Stretchable conductive fibers have received significant attention due to their possibility of being utilized in wearable and foldable electronics. Here, highly stretchable conductive fiber composed of silver nanowires (AgNWs) and silver nanoparticles (AgNPs) embedded in a styrene-butadiene-styrene (SBS) elastomeric matrix is fabricated. An AgNW-embedded SBS fiber is fabricated by a simple wet spinning method. Then, the AgNPs are formed on both the surface and inner region of the AgNW-embedded fiber via repeated cycles of silver precursor absorption and reduction processes. The AgNW-embedded conductive fiber exhibits superior initial electrical conductivity (σ0 = 2450 S cm-1) and elongation at break (900% strain) due to the high weight percentage of the conductive fillers and the use of a highly stretchable SBS elastomer matrix. During the stretching, the embedded AgNWs act as conducting bridges between AgNPs, resulting in the preservation of electrical conductivity under high strain (the rate of conductivity degradation, σ/σ0 = 4.4% at 100% strain). The AgNW-embedded conductive fibers show the strain-sensing behavior with a broad range of applied tensile strain. The AgNW reinforced highly stretchable conductive fibers can be embedded into a smart glove for detecting sign language by integrating five composite fibers in the glove, which can successfully perceive human motions.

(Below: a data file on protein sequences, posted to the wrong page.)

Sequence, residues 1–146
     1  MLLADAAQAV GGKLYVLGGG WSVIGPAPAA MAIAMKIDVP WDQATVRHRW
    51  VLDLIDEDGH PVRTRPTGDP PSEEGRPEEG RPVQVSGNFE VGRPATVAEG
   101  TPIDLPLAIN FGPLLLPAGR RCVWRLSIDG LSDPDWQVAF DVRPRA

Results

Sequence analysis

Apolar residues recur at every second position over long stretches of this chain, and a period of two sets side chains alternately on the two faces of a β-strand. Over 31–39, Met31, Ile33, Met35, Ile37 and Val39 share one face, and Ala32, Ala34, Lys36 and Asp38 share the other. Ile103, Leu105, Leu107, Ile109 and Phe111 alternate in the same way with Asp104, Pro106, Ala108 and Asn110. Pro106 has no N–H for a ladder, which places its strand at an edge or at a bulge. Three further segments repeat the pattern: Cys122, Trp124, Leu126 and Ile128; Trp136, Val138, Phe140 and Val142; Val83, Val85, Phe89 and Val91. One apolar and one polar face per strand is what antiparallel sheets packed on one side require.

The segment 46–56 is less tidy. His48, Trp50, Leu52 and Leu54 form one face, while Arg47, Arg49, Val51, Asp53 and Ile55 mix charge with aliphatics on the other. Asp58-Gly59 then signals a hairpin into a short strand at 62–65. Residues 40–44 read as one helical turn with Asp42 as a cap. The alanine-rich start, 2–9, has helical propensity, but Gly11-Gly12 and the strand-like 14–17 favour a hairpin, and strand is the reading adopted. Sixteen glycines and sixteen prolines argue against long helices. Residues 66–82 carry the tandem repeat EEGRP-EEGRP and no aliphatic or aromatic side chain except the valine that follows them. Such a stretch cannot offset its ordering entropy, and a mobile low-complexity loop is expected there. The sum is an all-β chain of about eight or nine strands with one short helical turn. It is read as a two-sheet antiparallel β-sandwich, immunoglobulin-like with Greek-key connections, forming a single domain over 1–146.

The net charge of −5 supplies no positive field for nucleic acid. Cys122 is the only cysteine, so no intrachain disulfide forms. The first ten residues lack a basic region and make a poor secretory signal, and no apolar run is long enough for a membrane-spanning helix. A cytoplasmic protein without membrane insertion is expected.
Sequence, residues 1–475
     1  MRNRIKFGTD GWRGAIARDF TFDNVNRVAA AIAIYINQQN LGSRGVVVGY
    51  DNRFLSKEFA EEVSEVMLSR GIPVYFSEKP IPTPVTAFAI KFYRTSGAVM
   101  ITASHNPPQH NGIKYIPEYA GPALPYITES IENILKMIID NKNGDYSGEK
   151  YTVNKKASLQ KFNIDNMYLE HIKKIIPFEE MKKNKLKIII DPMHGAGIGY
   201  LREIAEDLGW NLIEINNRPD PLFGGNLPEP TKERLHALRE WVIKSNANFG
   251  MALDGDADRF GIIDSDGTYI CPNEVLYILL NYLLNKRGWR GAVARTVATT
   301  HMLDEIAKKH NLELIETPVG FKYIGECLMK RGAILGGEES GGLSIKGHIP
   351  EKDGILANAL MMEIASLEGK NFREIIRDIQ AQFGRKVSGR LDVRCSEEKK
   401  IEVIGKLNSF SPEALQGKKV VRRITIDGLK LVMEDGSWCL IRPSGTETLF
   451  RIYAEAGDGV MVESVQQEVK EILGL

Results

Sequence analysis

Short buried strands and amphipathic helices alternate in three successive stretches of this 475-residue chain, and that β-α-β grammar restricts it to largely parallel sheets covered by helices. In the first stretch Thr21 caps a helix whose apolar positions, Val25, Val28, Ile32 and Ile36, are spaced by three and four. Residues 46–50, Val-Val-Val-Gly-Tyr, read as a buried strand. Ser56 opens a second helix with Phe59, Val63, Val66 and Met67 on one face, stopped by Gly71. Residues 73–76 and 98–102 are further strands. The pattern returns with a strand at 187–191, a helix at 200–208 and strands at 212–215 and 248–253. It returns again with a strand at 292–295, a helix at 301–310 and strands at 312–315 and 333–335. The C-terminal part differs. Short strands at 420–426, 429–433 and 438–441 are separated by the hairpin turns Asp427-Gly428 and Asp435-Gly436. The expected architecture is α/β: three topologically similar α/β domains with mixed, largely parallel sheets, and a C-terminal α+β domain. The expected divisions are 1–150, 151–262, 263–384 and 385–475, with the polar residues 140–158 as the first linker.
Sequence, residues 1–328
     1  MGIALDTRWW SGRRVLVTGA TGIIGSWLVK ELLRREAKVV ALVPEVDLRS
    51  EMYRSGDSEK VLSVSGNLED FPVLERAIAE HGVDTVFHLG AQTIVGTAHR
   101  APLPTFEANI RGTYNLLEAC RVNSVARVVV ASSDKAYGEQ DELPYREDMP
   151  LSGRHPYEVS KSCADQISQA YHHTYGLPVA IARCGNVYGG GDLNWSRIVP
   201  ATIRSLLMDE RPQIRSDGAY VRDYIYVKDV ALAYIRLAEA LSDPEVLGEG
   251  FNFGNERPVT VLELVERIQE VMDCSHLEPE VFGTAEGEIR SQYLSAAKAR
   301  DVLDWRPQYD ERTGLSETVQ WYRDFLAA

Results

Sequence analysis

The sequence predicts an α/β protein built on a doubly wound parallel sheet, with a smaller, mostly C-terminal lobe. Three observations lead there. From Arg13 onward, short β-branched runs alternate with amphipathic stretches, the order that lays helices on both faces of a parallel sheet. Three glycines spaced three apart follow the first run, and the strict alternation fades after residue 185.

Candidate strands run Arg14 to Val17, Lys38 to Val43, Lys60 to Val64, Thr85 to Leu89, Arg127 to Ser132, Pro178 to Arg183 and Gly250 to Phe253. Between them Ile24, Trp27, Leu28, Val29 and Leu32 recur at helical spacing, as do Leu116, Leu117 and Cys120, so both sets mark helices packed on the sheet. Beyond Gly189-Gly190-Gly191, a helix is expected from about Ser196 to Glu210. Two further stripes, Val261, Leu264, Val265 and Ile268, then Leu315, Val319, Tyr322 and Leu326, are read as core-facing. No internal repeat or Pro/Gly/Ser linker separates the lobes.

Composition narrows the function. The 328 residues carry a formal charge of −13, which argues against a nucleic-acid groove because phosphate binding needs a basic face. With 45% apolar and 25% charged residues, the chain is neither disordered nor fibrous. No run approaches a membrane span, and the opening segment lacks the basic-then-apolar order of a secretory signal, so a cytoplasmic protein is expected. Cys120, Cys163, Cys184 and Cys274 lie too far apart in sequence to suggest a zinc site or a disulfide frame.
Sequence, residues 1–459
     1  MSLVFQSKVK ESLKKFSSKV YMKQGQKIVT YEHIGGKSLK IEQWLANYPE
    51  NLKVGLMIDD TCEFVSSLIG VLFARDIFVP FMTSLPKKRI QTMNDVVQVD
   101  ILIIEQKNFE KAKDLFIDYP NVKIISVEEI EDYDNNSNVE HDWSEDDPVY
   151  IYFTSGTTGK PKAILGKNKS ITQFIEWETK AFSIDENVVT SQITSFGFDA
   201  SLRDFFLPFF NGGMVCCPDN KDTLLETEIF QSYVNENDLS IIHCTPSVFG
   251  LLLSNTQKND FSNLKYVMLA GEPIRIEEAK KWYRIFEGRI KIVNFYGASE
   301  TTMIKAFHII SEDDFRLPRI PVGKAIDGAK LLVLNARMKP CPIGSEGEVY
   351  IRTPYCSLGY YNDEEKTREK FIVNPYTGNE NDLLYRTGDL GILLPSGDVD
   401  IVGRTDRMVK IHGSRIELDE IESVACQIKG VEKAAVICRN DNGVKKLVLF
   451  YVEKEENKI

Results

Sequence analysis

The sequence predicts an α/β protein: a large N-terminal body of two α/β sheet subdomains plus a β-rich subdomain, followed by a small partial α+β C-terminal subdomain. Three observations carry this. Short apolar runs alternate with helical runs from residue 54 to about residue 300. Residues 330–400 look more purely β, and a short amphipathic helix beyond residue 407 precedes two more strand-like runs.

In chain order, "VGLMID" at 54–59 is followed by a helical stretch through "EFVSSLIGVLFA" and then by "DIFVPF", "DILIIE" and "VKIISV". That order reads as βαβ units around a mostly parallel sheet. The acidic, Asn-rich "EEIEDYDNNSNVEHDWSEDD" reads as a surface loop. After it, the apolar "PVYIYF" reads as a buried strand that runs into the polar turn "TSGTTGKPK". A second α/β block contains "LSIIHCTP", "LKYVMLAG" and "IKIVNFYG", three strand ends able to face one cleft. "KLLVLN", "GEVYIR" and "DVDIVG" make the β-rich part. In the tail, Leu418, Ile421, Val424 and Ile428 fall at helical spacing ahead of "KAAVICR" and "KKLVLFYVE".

All Science Journal Classification (ASJC) codes
- Materials Science(all)
- Condensed Matter Physics